Today, sporting a new hairstyle, Embiid upped the rhetoric.
Embiid, via Jessica Camerato of NBC Sports Philadelphia:
“That’s f—ing BS,” he said after practice Tuesday. “I wish I was playing more minutes. I think I’m ready for more than I don’t know whatever number they have.”
“I think the concept of minute restrictions is kind of complicated,” Embiid said. “I don’t think there should ever be minute restrictions. I think it should always be about how my body feels and how it’s reacting.”
“They know that I’m frustrated, but once again you’ve got to trust the doctors,” Embiid said. “They care about me. It’s all about the long-term view.”
“Like I always say,” he said, “you’ve got to trust the process.”
We’ve been here before – an injury-prone Philadelphia center rocking cornrows (at least Embiid went all the way with them) and Embiid lashing out at his minute limit.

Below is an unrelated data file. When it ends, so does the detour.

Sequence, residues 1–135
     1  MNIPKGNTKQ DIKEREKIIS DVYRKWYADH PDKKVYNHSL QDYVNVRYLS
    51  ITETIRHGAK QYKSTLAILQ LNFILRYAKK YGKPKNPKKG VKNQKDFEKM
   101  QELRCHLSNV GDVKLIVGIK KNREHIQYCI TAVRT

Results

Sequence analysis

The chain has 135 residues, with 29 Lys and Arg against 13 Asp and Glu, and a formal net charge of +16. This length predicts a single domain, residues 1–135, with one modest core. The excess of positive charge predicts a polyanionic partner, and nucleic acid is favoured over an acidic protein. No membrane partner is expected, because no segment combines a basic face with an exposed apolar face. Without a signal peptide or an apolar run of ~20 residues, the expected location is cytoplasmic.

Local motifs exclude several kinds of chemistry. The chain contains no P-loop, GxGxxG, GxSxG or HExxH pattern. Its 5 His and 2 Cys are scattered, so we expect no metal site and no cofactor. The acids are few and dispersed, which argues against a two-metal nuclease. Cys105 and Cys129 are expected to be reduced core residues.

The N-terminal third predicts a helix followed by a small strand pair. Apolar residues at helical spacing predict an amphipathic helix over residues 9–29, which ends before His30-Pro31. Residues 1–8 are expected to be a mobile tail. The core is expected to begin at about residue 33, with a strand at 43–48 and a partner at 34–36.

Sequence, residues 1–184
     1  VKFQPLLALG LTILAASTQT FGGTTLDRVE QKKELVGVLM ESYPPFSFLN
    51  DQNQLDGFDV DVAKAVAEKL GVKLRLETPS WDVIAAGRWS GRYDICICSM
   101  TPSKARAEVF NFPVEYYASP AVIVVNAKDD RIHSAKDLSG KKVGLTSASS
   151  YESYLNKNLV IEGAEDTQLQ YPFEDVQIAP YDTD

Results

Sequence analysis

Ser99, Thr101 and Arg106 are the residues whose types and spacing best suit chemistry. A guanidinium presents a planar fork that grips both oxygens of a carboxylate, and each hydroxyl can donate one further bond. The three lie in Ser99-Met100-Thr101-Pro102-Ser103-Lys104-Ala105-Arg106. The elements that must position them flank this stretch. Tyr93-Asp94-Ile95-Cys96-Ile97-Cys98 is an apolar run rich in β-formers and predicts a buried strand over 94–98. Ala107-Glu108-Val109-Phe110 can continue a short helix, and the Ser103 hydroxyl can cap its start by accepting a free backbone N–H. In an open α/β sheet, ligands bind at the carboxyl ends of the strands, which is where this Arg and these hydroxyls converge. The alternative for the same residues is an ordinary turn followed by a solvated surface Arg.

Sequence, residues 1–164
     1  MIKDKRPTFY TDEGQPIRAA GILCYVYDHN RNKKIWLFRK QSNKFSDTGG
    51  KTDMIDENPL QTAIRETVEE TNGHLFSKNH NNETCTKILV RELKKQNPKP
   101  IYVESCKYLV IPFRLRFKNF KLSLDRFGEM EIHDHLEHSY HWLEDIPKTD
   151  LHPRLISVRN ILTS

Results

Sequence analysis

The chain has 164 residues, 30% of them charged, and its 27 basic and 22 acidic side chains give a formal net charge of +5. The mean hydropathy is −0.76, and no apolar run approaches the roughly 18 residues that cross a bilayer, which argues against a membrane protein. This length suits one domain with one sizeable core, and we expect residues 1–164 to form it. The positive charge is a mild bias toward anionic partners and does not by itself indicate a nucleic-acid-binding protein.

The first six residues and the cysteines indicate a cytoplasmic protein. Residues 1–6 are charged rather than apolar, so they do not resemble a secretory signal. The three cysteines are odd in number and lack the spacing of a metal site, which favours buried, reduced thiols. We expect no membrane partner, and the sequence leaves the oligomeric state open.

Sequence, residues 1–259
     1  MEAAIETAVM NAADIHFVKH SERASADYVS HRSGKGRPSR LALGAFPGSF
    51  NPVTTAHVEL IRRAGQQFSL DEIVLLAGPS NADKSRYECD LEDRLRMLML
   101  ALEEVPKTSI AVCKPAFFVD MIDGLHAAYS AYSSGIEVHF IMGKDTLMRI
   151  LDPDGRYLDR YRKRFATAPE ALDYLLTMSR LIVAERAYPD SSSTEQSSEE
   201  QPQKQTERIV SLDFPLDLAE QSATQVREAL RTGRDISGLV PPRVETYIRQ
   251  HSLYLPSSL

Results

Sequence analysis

Embiid is incredibly competitive, and he can’t just turn it off. It’s an attribute that contributes to his on-court excellence.
Embiid appears to have just enough trust-the-process perspective here, but Brown will also likely have his hands full keeping Embiid from getting too frustrated throughout the season.
At least Embiid has his contract extension and isn’t restless to get on the court and earn his big payday.
INDEPENDENCE, Ohio (AP) — LeBron James may miss Cleveland’s opener Tuesday night against Boston because of a sprained left ankle.
James injured his ankle in practice on Sept. 27 and played in just one exhibition game. He participated in the team’s morning shootaround, and a team spokesman said it will be a game-time decision whether he faces the Celtics. James is officially listed as questionable.
James took some outside shots but did very little lateral movement when the media was permitted to watch the Cavs work out.